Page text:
• Congratulations to Barry Larkin, who deserves to be inducted into the Hall of Fame. I think it's surprising that he's the only one, though. It looks like Jack Morris is going to make it in (mistake) and that Mark McGwire isn't (mistake). And I'd love to know why the people not voting for Tim Raines aren't voting for Tim Raines. If they're leaving his name off because of cocaine allegations in the mid-80s, well, that's their right (though there are a lot of users in already). If it's because they think he wasn't good enough, that's not right. Because he was.
  • I'm a little bit surprised (bewildered?) by the response from some quarters that the return of Josh McDaniels to the Patriots coaching staff this week somehow gives New England an unfair advantage, and should have been prevented by the league. What would that advantage consist of how? How would it manifest itself? I don't see it...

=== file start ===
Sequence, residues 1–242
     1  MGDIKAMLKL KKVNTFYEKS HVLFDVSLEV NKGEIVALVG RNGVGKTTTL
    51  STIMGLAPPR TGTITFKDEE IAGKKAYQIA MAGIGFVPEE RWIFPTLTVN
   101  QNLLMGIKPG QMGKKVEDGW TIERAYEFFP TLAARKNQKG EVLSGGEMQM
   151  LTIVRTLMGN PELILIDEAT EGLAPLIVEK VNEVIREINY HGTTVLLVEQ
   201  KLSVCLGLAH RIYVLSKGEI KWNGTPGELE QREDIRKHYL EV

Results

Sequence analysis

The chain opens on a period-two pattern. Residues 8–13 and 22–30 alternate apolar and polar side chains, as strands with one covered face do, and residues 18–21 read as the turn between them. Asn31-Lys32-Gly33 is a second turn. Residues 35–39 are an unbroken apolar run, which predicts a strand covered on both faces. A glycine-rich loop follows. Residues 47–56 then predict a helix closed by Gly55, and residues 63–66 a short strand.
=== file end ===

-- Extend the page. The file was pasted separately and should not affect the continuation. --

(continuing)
• I don't trust the Patriots defense. At all. At the same time, the AFC team that I was most scared of was Pittsburgh, and they're gone. I said a week ago that I wouldn't be surprised if the won the Super Bowl and I wouldn't be surprised if they lost their first game. Well, I now would be surprised if they lost their first game. Not that Denver isn't capable of winning in New England (or, more accurately, that New England isn't capable of losing to Denver) but I don't expect them to.
  • Yes, the Packers put up the best record in football. Yes, they beat the Giants in New York not too long ago. Yes, they should be favored at home this weekend. But, while it would be an upset, it would not be a shocking upset if the Giants were to win in Lambeau on Sunday.
  • Would it even be a surprise if New Orleans won in San Francisco? Yes, they've been a lot better at home than on the road, and the 49ers are an outstanding defensive team. Still, I'm not sure that the Saints aren't the best team in football right now, and I don't think the 49ers can score enough to stay with them.